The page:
There is no voluntary. There is voluntary within the rules, and the rules are not (in practice) defined by libertarian philosophy or our moral sense (alone) or our legislatures (alone) or judges (alone) or God’s will. They are defined by what the government will force people to do.

      ***

      “Thus, it is almost inevitable that government programs will be perpetuated without regard to results. That is the natural behavior in organizations, and only if there are countervailing forces will that natural behavior be overcome.”

      If you don’t think there is a single countervailing force to government wallowing in mindless, wasteful activity, you need to actually study history a bit. Government can get away with *more* wasteful activity than private business (quite a lot more, maybe), but it certainly cannot get away with an *infinity* of it. Useless, unpopular, and incredibly inefficient programs do, with time, tend to get cut or reformed. Popular programs usually aren’t useless or incredibly inefficient.

      The sad truth is, government hasn’t expanded because of some irresistible law of public choice. Plenty of unpopular and stupid things have been done away with or altered (Airline regulation, the draft, pre-reformed welfare, pre-thatcherite government intervention in the British economy, etc). Government has expanded because expanded government is popular, not because it doesn’t have to answer to a populace that secretly hates it. If the big stuff has stuck around it’s because people like having a welfare state and (in the US) like having a big army, not because dull institutional inertia is preserving all these terrible programs.

      Short version: you’ve correctly identified a problem with government but overstated its severity.

      • Joe Cushing says:

        Often governments have expanded until collapse. Collapse seems to be the only hard restraint on the ability of a government to be wasteful. Collapse is a true, unstoppable, check on government power.

        • wophugus says:

          I don’t understand what you mean by “hard restraint.” Often government expands until collapse, yes, but often it doesn’t. Some governments get so big and wasteful they are invaded and destroyed by outside forces (Ottoman Empire), some governments get so big and wasteful they collapse internally (ancien regime), some governments get so big and wasteful they dissolve into constituent parts (USSR) or join a larger whole (GDR), some governments get so big and wasteful they initiate successful reforms that either reduce waste (thatcher) or size (Latvia in the great recession), some governments never get appreciably more wasteful over time and end for other reasons (I would argue Scottish government got less wasteful over the centuries long buildup to the act of union), and some governments don’t get much bigger over time and end for other reasons (Imperial Roman spending was basically defense spending, and the fourth century army cost about a third as much as the second century army. Since there isn’t much evidence that GDP cratered by a factor of 3, government spending as a percent of GDP probably fell over the last two centuries of the western empire). None of those outcomes are inevitable. Why is one possible but not inevitable outcome out of many the “hard restraint?” And why is it “almost inevitable that government programs will be perpetuated without regard to results?”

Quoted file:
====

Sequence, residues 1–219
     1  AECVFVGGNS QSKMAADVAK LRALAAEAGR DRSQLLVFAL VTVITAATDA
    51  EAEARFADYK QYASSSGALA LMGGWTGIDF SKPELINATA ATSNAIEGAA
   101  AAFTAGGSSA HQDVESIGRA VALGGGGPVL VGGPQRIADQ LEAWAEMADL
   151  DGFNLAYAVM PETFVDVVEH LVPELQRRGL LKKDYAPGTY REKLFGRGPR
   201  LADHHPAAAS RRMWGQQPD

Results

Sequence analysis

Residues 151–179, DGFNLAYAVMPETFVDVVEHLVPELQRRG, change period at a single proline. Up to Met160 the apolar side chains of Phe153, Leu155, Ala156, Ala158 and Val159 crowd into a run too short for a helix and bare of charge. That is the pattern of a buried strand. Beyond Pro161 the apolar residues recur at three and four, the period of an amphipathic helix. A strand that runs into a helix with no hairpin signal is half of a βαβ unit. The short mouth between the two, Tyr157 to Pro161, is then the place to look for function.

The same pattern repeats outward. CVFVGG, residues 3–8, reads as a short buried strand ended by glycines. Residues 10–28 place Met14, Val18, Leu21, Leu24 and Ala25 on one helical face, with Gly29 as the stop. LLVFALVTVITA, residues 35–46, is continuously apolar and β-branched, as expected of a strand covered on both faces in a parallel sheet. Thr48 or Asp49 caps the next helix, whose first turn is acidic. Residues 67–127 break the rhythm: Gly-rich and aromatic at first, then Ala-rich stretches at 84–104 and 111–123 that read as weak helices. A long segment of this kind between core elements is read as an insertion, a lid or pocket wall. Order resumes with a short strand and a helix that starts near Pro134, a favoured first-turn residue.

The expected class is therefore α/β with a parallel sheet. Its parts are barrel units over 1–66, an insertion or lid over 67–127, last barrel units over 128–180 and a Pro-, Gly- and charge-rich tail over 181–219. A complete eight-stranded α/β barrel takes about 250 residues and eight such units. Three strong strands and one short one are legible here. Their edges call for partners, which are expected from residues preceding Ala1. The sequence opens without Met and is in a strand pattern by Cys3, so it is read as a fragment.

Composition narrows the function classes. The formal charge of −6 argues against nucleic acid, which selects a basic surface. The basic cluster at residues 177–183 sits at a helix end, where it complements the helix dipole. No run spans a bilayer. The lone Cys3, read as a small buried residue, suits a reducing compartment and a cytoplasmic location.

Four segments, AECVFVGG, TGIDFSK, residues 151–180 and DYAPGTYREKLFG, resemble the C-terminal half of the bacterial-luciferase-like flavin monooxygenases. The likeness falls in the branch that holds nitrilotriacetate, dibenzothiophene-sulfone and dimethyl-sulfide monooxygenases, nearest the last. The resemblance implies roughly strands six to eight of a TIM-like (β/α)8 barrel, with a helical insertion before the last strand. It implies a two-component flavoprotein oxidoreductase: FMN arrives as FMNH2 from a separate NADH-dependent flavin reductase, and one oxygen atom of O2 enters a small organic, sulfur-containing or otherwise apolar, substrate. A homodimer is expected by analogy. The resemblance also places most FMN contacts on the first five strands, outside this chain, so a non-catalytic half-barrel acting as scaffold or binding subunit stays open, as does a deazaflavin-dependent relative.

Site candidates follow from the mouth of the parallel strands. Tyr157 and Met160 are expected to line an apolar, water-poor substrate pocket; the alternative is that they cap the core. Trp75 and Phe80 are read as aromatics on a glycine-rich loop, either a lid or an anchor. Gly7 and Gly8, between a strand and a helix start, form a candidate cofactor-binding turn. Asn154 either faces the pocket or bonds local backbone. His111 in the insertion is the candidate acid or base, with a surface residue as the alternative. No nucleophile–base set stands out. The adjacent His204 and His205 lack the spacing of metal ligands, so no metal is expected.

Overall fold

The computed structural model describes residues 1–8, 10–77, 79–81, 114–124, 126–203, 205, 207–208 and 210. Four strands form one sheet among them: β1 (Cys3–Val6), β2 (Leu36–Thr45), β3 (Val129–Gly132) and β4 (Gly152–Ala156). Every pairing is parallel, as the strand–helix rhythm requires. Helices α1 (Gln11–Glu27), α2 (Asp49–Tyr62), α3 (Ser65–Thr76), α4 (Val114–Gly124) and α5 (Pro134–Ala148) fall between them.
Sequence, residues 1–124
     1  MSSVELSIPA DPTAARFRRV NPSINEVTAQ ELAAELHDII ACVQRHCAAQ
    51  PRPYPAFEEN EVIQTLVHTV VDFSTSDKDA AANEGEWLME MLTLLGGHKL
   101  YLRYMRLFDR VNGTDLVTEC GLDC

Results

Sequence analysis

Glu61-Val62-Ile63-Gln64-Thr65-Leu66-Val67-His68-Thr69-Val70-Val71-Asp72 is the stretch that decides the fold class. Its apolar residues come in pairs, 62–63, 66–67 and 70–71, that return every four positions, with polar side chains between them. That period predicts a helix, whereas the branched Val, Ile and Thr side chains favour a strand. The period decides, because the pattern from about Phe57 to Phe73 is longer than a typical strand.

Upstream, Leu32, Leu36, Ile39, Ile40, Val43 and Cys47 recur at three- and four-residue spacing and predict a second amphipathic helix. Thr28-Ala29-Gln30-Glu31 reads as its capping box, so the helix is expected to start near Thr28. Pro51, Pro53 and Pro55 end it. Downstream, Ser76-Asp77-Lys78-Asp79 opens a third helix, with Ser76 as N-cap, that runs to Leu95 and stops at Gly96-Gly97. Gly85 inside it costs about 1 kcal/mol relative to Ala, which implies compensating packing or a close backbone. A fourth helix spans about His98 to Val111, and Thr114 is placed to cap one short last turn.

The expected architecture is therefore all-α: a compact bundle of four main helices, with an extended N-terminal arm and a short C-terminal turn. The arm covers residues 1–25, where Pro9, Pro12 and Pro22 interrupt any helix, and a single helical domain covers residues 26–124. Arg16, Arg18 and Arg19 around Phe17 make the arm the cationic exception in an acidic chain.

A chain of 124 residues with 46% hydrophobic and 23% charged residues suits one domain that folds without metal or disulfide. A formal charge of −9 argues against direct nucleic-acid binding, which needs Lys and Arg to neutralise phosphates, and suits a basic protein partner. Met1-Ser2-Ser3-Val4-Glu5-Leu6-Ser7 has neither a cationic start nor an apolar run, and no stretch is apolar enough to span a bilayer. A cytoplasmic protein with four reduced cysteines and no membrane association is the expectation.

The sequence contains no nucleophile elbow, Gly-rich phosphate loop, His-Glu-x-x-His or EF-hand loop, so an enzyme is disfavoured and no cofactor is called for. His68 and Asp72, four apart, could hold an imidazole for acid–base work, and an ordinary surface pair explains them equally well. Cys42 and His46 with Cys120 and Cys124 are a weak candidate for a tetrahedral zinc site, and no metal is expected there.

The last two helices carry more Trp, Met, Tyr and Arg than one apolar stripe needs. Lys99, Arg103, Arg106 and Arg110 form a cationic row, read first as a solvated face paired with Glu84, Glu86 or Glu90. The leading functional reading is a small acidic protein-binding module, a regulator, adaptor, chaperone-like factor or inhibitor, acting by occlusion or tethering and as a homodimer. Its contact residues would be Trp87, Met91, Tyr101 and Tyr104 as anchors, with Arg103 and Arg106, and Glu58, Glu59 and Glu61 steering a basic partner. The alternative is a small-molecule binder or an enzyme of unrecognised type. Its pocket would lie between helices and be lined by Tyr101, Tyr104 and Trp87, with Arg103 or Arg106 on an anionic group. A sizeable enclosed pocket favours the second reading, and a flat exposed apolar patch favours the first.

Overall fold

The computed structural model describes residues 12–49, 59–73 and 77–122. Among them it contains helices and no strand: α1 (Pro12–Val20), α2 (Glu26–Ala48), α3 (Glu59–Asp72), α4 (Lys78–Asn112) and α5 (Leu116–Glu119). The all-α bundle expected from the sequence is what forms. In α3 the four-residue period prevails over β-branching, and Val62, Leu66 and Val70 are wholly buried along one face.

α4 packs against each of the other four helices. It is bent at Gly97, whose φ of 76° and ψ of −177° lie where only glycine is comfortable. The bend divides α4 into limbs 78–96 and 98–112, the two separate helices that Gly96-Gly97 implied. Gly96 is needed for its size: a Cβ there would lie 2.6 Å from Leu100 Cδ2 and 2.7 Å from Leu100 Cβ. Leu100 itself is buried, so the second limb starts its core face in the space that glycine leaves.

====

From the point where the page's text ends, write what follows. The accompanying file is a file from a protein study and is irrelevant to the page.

I will agree that all these historical comparisons might be useless. Modern first world states tend to spend more on government over time. But 1. there are explanations for that trend competing against political economy explanations (namely that as people get richer they want to do more income distribution. Growing government is a deliberate choice) and 2. that process is still playing out, and no one knows if it will end in collapse, reform, government spending leveling off, alien invasion, or any number of possible outcomes. We only have history as our guide, and history shows that government’s do not inevitably get bigger and more inefficient until they collapse.

  2. mike shupp says:

    Tell you what, get together a batch of active college Young Republicans or a group of 40-ish libertarians, and tell them we need to take “Temporary Assistance for Needy Families, Medicaid, food stamps, housing vouchers, unemployment insurance and the earned-income tax credit” and combine them in just one or two agencies and bring enrollment and disbursement policies up to 21st century standards.

    You might not get out of the room alive. Conservatives don’t want these programs to be better administered; they want them DEAD, and they are not eager to consider pallative measures on the the way to the cemetary. And no, they don’t want to wait 20 years for the blessed event — it’s bad enough waiting from election to election for God to make things right.

    You see the problem. Liberals can tinker. Liberals can experiment. Liberals can reform. Conservatives are incapable of governing because of their hatred of govenment. (Granted, working politicians are likely more flexible, but they have to answer to ideal-driven constituents.)

    That strikes me as the chief reason the US government is a “kludgeocracy”, and I see no hope for change.